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John Dominis was the husband of Queen Liliuokalani

Born at Schenectady, New York, the son of sea captain John Dominis and Mary Dominis, John Owen Dominis (1832-1891) moved from New York to Honolulu with his parents in 1837.

The school young Dominis went to in Honolulu was situated next to the Royal School attended by Hawaiian children of noble birth, with whom he became friends.

Among these royals were his wife to be, Lydia Kamakaeha Paki, later Queen Lili‘uokalani, Emma Rooke, Victoria Kamamalu, and future kings Kamehameha IV, Kamehameha V, William Lunalilo and David Kalakaua.

His marriage to Lydia Kamakaeha Paki in 1862 brought him many honors and important posts in the Hawaiian kingdom.

For instance, when Lili‘uokalani was crowned queen on Jan. 29, 1891, Dominis became prince consort of the Hawaiian kingdom, and remained so until his death on Aug. 23 of that year.

Two years earlier, when his mother died in 1889, he and Lili‘uokalani inherited Washington Place, which had been the home of his parents, and which eventually became the official residence of the governor of Hawai‘i and is now designated as a National Historic Landmark.

As to his connection to Kaua‘i, there is the Hui Kawaihau which follows.

When King David Kalakaua set up a few courtiers and members of his deceased brother’s (Prince Leleiohoku’s) Honolulu choral society in the sugar business at Kapahi in 1877, Dominis became one of the Hui Kawaihau’s (Ice Water Company’s) charter members.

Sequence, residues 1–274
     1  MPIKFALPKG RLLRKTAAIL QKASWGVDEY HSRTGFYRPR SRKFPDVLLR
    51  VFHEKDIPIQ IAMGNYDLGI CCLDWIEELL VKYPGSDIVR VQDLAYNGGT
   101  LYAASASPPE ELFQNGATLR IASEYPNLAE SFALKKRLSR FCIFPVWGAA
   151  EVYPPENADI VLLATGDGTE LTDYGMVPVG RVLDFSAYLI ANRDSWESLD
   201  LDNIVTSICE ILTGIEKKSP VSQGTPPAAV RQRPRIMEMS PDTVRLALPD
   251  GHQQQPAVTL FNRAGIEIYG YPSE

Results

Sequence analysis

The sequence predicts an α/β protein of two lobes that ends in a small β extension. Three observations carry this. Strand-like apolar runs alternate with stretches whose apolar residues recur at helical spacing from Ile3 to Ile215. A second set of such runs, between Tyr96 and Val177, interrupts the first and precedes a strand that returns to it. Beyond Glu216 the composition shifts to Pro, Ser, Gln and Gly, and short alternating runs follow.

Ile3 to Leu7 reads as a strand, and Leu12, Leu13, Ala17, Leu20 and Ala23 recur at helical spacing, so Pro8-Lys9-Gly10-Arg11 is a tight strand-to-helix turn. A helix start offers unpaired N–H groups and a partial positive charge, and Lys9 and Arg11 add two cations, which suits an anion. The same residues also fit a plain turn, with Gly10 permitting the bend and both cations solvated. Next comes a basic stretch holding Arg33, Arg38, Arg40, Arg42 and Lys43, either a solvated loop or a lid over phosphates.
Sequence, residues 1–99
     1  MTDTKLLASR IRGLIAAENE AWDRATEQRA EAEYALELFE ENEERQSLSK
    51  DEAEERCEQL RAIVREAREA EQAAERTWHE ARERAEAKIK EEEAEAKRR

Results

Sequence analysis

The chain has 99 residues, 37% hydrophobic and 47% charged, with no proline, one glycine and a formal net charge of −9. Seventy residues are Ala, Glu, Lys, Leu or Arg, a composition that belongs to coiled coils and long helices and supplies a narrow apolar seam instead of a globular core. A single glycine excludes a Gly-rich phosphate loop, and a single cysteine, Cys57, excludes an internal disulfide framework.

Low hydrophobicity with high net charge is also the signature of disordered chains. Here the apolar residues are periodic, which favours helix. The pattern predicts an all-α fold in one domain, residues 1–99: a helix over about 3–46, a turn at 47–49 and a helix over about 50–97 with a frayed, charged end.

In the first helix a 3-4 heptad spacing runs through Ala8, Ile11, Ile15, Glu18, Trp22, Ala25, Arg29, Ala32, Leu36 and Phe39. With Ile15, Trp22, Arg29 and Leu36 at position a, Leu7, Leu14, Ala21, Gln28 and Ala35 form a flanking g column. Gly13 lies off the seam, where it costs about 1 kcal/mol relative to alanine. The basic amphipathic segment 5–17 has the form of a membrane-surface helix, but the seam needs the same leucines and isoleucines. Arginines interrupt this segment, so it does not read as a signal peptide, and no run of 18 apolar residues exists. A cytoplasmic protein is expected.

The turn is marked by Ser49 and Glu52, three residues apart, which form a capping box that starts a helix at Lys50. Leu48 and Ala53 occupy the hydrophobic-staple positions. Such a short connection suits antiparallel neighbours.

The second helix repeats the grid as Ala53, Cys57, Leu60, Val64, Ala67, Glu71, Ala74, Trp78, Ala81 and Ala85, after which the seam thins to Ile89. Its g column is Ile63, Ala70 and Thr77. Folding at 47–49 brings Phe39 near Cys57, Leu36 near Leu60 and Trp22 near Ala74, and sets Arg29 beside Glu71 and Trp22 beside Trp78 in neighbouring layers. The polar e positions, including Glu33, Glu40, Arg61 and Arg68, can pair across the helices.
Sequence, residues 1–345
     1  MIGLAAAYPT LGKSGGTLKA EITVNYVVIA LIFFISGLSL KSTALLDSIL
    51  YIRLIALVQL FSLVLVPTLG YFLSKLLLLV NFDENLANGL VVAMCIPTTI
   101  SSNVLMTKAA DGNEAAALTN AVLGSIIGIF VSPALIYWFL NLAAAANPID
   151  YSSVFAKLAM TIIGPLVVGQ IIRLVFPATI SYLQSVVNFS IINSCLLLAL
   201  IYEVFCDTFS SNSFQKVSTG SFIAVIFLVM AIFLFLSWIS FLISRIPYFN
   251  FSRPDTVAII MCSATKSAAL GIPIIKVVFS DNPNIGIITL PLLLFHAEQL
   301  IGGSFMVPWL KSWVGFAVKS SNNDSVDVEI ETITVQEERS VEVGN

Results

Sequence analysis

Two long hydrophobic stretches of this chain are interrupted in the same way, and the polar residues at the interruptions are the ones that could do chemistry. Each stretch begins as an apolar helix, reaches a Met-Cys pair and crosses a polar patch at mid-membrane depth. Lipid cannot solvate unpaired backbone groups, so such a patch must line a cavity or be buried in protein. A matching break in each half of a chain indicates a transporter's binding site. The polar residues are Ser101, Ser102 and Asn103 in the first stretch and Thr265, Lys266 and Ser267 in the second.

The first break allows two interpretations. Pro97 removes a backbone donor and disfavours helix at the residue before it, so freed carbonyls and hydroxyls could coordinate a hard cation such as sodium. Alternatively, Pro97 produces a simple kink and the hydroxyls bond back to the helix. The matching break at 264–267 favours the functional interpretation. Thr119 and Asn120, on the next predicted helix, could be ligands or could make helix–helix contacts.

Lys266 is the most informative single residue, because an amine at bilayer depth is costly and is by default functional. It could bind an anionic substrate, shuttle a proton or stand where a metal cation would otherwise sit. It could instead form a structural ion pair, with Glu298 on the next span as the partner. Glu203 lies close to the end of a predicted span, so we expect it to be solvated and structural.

To kick off things on Kaua‘i, Kalakaua and then Gov. John Dominis of O‘ahu, along with the company’s working members, arrived at the mouth of the Wailua River aboard the steamer Kilauea in August of that year.

The hui then built houses and a meeting hall in Kapahi about where the Kaua‘i Athletic Club facility now stands, on the approximate former site of the Hawaiian Fruit Packers pineapple cannery, and James Make‘e agreed to plant 240 acres of the hui’s sugarcane and grind the cane at his Kapa‘a mill.

Four years later, when Hui Kawaihau went out of business, its property and leased lands were acquired by Make‘e’s son-in-law, Col. Zephaniah S. Spalding.

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